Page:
“One in three adults has risk factors contributing to cardiovascular disease, kidney disease, or metabolic disorders,” the association’s announcement states. “As the underlying conditions of Cardiovascular Kidney Metabolic Syndrome worsen, the risk of heart attack, stroke, or heart failure increases.”


Diabetes and Cardiac Risk Assessment

People with diabetes have even more reason to look into getting a cardiac risk assessment. Type 1 or 2 Diabetes is oftentimes associated with cardiovascular disease. Sometimes a risk assessment isn’t needed. However, it may help you decide whether to take a medicine to reduce your cholesterol.

Even after controlling their blood sugar, individuals with Type 1 Diabetes have a higher risk of death from cardiovascular causes. This is, of course, compared to the general population, not the diabetes population. This risk is even higher with poorly controlled blood sugar. Additionally, atherosclerosis can start developing earlier in patients with Type 1 Diabetes. They may experience complications at a younger age than those without diabetes.

While high blood sugar is a major risk factor, a cardiac risk assessment helps identify and address other contributing factors. By identifying these additional factors, your pain management specialist can better tailor a comprehensive plan to reduce your overall risk. This could involve lifestyle changes, medications, and closer monitoring.

Your assessment helps narrow treatment strategies beyond blood sugar control. For example, it might highlight the need for more aggressive cholesterol management or early intervention. Managing cardiovascular risk factors can improve the health and wellbeing of those living with Type 1 Diabetes.

A study published by Cureus medical journal evaluates the prevalence of cardiovascular risks using an American Diabetes Association risk-assessment tool. It zeros-in on the 10-year risk for diabetes complications in young adults with Type 1 Diabetes.

The findings on heart health are insightful when comparing moderate-to-high risk versus low-risk young adults with Type 1 Diabetes. Overall: “Cardiovascular disease is an important cause of morbidity and mortality in individuals with Type 1 Diabetes,” the report says.


Modifiable Versus Non-Modifiable Risk Factors

If you’re considering cardiac risk assessment, you should also know about modifiable versus non-modifiable risk factors. There are things you can change for your heart’s health versus those you’re handed through your genes.

Non-modifiable risk factors include age, gender, and family history of cardiovascular disease. Modifiable risk factors include stress, smoking, high blood pressure, high cholesterol, diabetes, obesity, a sedentary lifestyle, and an unhealthy diet.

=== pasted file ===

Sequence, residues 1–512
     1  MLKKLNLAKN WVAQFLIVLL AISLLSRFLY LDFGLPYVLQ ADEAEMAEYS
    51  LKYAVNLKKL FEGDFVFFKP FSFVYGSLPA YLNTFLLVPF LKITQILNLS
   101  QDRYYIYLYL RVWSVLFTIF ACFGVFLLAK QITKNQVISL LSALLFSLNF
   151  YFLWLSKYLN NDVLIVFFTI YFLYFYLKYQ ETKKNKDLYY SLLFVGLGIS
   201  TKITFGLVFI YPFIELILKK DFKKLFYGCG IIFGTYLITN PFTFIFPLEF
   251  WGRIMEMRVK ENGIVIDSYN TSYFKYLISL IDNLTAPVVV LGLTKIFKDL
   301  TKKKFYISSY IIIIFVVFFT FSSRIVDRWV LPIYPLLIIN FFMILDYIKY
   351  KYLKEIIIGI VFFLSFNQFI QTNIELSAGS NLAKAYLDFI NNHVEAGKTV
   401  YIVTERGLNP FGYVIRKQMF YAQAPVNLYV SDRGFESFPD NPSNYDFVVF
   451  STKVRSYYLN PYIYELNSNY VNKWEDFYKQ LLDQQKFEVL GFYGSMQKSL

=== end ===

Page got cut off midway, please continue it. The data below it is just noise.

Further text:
Any plan will likely focus on modifiable risk factors. Your doctor will help you choose the health-conscious tools most appropriate for your situation. An assessment is valuable for helping you improve your health. Your feedback and measurements can be used to develop a plan to reduce your risks. If your risk is high, your doctor may recommend lifestyle changes. These may include eating a healthier diet and exercising regularly.

Healthier eating means a diet rich in fruits, vegetables, whole grains, and lean protein. It also means limiting unhealthy fats, processed foods, and added sugars.

When it comes to exercising, aim for 150 minutes of moderate aerobic activity each week, or a vigorous 75 minutes. If you’re overweight or obese, losing weight can also improve your heart situation.

Remember: a cardiac risk assessment can only estimate your risk of developing heart disease, nothing more or less. It’s ultimately up to you to make healthy changes in your life.


Wellness and Pain Can Help

Get a reputable cardiac risk assessment by visiting Wellness and Pain. We offer conservative treatments, routine visits, and minimally invasive quick-recovery procedures. We can keep you free of problems by providing lifestyle education and home care advice to help you avoid and manage issues, quickly relieving your inhibiting lifestyle conditions when complications arise.

At Wellness and Pain, we personalize patient care plans based on each patient’s condition and unique circumstances to improve wellness, increase mobility, relieve pain, and enhance your mental space and overall health.

What are you waiting for? Book an appointment today!

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Wellness and Pain accepts most major insurance plans. Here is a list of some of the major insurance plans we accept. If you do not see your insurance plan listed, please call our office to confirm.